Tell Us How the Signing Statements Were Used

Charlie Savage has an article reporting–first of all–that Obama has warned those in the executive branch to check before relying on one of Bush’s Presidential signing statements. (h/t BSL)

President Obama on Monday ordered executive officials to consult with Attorney General Eric H. Holder Jr. before relying on any of them to bypass a statute.

Savage (who of course wrote the book on this stuff) goes on to explain the background of Bush’s abuse of signing statements, and to note that Obama says he will use signing statements, "with caution and restraint" (whatever that means).

Here’s Obama’s memo, and some excerpts:

I will issue signing statements to address constitutional concerns only when it is appropriate to do so as a means of discharging my constitutional responsibilities. In issuing signing statements, I shall adhere to the following principles:

  1. The executive branch will take appropriate and timely steps, whenever practicable, to inform the Congress of its constitutional concerns about pending legislation. Such communication should facilitate the efforts of the executive branch and the Congress to work together to address these concerns during the legislative process, thus minimizing the number of occasions on which I am presented with an enrolled bill that may require a signing statement.
  2. Because legislation enacted by the Congress comes with a presumption of constitutionality, I will strive to avoid the conclusion that any part of an enrolled bill is unconstitutional. In exercising my responsibility to determine whether a provision of an enrolled bill is unconstitutional, I will act with caution and restraint, based only on interpretations of the Constitution that are well-founded.
  3. To promote transparency and accountability, I will ensure that signing statements identify my constitutional concerns about a statutory provision with sufficient specificity to make clear the nature and basis of the constitutional objection.
  4. I will announce in signing statements that I will construe a statutory provision in a manner that avoids a constitutional problem only if that construction is a legitimate one.

To ensure that all signing statements previously issued are followed only when consistent with these principles, executive branch departments and agencies are directed to seek the advice of the Attorney General before relying on signing statements issued prior to the date of this memorandum as the basis for disregarding, or otherwise refusing to comply with, any provision of a statute.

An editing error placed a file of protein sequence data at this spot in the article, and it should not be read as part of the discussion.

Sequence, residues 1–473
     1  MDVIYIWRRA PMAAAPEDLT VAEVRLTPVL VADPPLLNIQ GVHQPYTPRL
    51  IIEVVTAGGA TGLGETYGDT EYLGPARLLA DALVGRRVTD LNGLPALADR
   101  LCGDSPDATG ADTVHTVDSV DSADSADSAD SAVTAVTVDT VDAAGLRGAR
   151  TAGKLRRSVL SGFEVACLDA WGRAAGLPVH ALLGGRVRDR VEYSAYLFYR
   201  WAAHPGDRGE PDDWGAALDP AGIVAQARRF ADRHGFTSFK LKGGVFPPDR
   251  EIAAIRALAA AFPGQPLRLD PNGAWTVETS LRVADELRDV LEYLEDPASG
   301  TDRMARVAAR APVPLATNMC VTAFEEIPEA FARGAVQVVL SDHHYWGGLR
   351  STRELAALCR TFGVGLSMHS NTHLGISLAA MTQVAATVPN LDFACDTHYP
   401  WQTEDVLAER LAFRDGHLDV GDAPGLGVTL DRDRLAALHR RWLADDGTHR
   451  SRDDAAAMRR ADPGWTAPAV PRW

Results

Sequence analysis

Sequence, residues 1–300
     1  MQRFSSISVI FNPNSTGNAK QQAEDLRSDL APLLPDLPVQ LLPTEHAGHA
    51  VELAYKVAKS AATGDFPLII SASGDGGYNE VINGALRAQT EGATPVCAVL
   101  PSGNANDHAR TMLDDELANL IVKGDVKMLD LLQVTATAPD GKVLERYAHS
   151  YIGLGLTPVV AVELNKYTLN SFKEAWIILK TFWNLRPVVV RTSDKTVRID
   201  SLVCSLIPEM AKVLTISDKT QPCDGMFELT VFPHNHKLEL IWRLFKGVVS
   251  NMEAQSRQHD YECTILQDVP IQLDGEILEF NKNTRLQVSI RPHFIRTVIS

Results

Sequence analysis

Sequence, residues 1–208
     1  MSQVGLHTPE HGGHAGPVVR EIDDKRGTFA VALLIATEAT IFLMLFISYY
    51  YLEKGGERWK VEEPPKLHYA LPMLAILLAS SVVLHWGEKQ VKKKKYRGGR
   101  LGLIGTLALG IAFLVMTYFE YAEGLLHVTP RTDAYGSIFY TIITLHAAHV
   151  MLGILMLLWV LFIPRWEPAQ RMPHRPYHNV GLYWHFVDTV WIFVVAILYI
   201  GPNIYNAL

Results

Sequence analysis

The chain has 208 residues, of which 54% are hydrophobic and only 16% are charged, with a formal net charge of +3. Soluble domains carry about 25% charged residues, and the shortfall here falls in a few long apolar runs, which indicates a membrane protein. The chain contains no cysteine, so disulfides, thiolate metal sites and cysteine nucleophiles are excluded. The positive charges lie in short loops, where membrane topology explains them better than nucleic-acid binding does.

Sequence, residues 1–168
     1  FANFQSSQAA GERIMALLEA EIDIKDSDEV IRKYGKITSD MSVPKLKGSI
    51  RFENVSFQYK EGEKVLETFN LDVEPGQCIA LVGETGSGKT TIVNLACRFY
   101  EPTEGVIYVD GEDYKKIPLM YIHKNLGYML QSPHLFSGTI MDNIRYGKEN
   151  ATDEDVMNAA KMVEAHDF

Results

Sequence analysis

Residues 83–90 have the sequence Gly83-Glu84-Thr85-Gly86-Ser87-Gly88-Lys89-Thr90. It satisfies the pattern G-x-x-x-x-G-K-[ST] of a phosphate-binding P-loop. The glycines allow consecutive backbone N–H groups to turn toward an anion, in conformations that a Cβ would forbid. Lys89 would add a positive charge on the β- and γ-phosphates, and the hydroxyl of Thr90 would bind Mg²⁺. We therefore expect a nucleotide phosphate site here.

Not that it’s a surprise, but Obama’s warning that executive branch officials  ought not rely on Bush’s signing statements without checking (aside from a signal that we’re just supposed to guess which Holder wants to keep and which he wants to get rid of), pretty much confirms that Bush Administration officials have been relying on signing statements when they decide to ignore a law.

So while I appreciate Obama’s promise of "caution and restraint," I want to know… 

Which signing statements have executive officials been using? The one overriding the McCain amendment prohibiting torture? The one telling Congress to feck off in its requests for data on the uses and abuses of the PATRIOT Act? Or my personal favorite, the one saying that, even though Congress cut off funding for such things, the Administration could still use funds to data mine American citizens?

Really. I’m glad Obama is promising all this "caution and restraint." But aren’t we owed some accounting for how these have been used in the last eight years?

32 replies
  1. Quicksand says:

    Accounting and transparency, yes, absolutely. And not just in the last eight years, but going forward.

    Frankly, I’d rather see ALL of the preexisting signing statements simply voided, and then if Holder upon inquiry decides to reinstate some, then some PUBLIC statement should be made. Or alternatively, if we’re not going to punt them all, we at the very least need publication of which ones have been reviewed and what the outcome was.

    Otherwise how can I, as Joe Q. Citizen, be expected to act in compliance with the law if I don’t know what the law is?

  2. Mary says:

    I want to know…

    Which signing statements have executive officials been using?

    Me too – plus, which ones will Holder be ok-ing for future use?